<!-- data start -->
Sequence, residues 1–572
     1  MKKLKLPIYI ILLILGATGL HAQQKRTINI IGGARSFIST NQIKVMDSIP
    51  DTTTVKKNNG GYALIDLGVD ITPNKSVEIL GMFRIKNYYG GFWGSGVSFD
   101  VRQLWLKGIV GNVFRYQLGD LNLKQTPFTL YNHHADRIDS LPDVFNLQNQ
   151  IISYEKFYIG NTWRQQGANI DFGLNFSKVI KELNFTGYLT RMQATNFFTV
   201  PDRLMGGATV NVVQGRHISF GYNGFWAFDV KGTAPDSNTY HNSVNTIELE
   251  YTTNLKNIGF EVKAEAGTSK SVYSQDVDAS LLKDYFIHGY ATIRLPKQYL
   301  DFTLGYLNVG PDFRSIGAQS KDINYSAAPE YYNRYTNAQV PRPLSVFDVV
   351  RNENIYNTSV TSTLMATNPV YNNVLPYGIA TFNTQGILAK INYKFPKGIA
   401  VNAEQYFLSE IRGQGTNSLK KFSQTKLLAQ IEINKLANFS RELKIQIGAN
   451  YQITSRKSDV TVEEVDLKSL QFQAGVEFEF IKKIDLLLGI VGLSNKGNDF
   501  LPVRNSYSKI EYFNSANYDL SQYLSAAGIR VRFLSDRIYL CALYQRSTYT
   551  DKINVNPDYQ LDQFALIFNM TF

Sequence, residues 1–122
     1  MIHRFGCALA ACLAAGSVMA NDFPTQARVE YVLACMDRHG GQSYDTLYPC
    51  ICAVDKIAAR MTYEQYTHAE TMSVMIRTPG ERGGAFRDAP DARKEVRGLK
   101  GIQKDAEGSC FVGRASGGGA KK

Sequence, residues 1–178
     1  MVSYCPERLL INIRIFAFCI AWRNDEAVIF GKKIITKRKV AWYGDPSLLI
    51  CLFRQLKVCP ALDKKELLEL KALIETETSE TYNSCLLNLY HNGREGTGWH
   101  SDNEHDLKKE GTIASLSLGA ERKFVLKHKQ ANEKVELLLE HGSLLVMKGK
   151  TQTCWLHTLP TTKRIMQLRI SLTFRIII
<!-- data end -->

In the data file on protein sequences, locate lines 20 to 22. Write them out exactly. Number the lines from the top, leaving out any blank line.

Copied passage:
    51  CLFRQLKVCP ALDKKELLEL KALIETETSE TYNSCLLNLY HNGREGTGWH
   101  SDNEHDLKKE GTIASLSLGA ERKFVLKHKQ ANEKVELLLE HGSLLVMKGK
   151  TQTCWLHTLP TTKRIMQLRI SLTFRIII